All this brings me to the the somewhat awkward position that West Bromwich Albion find themselves in and the  uncomfortable relationship between the fans and the club's owner. There is a body of opinion within the fan base that unless an owner is behaving in the manner described in the opening paragraphs of this post will grumble about the owner being tight fisted and not investing enough in the team. When things are going badly  they are joined by more reasonable fans who think that but for a little bit wisdom on the part of the ownership a couple of better players all would be well at the Hawthorns. I have no time for former but understand the latter. It is easy to be a Monday morning Quarterback and while some of the club's decisions can easily be questioned many were not entirely unreasonable at the time, obviously if you regard the club's ownership as the devil incarnate then you would never give them any benefit of the doubt or credit where it is due.

All that said I think Peace's tenure has run it's course. There was a weariness in his summer interviews, it was if his skirmishes with the the FA & Premier League over youth development and FFP had finally convinced him that he was engaged in an uneven battle that he could not win. Ultimately Peace would probably like to sell up, but he will not sell for less than he thinks the club is worth. If Fulham were sold for £200m then realistically Albion must be worth at least £100m and there are not many people who can buy an asset which lest we forget barely makes a profit for that kind of money.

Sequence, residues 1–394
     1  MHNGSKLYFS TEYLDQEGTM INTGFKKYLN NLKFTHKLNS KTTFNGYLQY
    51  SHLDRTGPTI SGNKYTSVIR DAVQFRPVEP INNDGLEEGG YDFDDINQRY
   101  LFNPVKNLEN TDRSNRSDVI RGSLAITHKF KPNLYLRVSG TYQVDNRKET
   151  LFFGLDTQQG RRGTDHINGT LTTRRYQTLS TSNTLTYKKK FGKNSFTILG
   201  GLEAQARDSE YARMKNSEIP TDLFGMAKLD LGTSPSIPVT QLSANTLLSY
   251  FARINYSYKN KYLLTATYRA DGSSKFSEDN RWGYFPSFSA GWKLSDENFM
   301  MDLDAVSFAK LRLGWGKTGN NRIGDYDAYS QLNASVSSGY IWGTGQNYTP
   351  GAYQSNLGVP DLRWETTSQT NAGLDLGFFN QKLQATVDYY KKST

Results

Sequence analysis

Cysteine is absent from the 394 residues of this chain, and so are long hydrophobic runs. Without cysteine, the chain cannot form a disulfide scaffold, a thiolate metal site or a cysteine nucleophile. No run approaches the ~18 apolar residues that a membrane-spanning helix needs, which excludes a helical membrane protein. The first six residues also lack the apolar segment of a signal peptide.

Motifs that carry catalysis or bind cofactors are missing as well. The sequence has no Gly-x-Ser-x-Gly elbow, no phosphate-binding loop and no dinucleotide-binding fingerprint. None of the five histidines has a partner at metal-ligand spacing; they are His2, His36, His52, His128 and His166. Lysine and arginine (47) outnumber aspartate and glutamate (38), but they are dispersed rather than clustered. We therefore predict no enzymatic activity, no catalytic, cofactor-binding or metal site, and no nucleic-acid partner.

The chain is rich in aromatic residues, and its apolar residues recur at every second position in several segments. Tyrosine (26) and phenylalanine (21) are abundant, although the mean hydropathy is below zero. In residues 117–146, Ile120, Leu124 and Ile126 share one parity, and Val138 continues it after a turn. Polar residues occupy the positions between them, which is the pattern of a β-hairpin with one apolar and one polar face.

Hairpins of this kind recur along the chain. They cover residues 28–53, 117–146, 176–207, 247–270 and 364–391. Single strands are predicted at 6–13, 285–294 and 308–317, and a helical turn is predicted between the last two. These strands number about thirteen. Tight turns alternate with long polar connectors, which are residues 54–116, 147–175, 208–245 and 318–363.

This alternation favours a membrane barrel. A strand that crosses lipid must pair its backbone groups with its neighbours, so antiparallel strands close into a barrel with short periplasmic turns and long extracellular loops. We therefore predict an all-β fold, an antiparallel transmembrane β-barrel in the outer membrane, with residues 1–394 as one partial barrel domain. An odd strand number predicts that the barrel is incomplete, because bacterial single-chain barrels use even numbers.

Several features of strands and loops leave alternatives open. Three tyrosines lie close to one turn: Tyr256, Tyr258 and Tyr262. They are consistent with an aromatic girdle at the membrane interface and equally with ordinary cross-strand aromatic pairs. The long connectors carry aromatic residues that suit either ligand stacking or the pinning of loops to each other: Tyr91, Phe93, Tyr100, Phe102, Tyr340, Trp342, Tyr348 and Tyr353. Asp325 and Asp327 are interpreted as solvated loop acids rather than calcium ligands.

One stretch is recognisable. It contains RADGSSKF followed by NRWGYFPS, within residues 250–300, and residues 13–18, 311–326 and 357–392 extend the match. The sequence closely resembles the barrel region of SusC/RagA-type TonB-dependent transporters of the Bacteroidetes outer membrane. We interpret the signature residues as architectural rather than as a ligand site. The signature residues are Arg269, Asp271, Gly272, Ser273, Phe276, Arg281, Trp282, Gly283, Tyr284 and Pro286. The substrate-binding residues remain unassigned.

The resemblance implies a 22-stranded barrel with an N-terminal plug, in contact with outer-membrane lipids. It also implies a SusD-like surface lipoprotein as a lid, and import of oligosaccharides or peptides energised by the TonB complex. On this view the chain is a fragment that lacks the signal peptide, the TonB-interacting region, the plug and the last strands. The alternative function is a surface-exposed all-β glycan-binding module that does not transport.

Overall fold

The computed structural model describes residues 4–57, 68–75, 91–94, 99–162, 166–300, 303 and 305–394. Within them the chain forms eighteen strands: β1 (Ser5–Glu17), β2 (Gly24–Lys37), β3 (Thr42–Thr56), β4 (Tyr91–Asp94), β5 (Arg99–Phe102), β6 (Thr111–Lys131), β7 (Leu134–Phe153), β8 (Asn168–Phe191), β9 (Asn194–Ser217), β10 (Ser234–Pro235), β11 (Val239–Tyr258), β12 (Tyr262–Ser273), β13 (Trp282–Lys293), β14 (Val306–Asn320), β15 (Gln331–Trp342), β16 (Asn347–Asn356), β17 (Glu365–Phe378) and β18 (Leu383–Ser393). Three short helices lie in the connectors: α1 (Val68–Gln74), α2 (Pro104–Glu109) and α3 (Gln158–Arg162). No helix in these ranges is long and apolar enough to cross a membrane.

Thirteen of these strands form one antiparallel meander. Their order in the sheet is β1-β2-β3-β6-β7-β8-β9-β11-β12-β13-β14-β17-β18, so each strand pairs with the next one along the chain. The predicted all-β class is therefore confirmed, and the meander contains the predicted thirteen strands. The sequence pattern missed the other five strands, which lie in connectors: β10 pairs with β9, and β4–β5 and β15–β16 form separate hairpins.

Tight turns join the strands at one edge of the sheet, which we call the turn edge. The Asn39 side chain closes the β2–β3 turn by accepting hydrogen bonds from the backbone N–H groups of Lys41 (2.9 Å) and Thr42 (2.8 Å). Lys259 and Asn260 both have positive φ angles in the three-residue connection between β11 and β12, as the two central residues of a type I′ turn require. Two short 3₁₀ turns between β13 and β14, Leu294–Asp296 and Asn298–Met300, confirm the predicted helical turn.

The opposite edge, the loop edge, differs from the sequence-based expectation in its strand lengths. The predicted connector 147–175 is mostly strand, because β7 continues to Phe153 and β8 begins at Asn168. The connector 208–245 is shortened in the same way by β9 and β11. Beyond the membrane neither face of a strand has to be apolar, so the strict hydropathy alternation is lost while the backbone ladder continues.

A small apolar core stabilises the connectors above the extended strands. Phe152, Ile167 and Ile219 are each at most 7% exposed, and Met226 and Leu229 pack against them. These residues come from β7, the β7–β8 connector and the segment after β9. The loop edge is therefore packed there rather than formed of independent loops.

Assuming a buyer can be found a new owner would still be faced with the fact that Albion have one of the lower incomes in the Premier League. Keeping the club in the league is a challenge. Whatever a new owner does it is unlikely even with a £90m additional investment over the course of say three years that we would be very much better than a mid-table team and the threat of relegation would not be removed, however the consequences of a relegation might be far worse than they are today.

Peace might not be perfect but there are owners who are far worse, they may be prepared to bankroll a club for a short while but they demand changes that fans find unpalatable and when they walk away they leave  problems that might take decades to sort out.

Ultimately I would much prefer the club to be owned by a supporters trust. Unfortunately unless an owner runs the club into the ground to point only the supporters want to own it is rare that the fans get a chance to take a club over. Equally I do not remember the 1990's when the club had it's broadest ownership with any great fondness. Too often the club was riven with factional infighting and at some points it seemed we had more EGM's than home fixtures. The weakness of fan ownership as is often demonstrated in Spain where
too often club's get run in a manner that resembles a dysfunctional town hall because there is a constant need to respond to fan pressure. Those that shout loudest get the most attention in politics and unless the club's officers have some reasonable length of tenure democracy can kill a club almost as quickly as naked greed.

Many fans criticise  Peace but the plain fact is when he does sell up and move on the club will be in a better place than when he took it over. There are not many owners who could make that claim and I do fear the new boss will be the same as the old boss or something much worse, although there is always the possibility of the benign Billionaire rocking up at B71.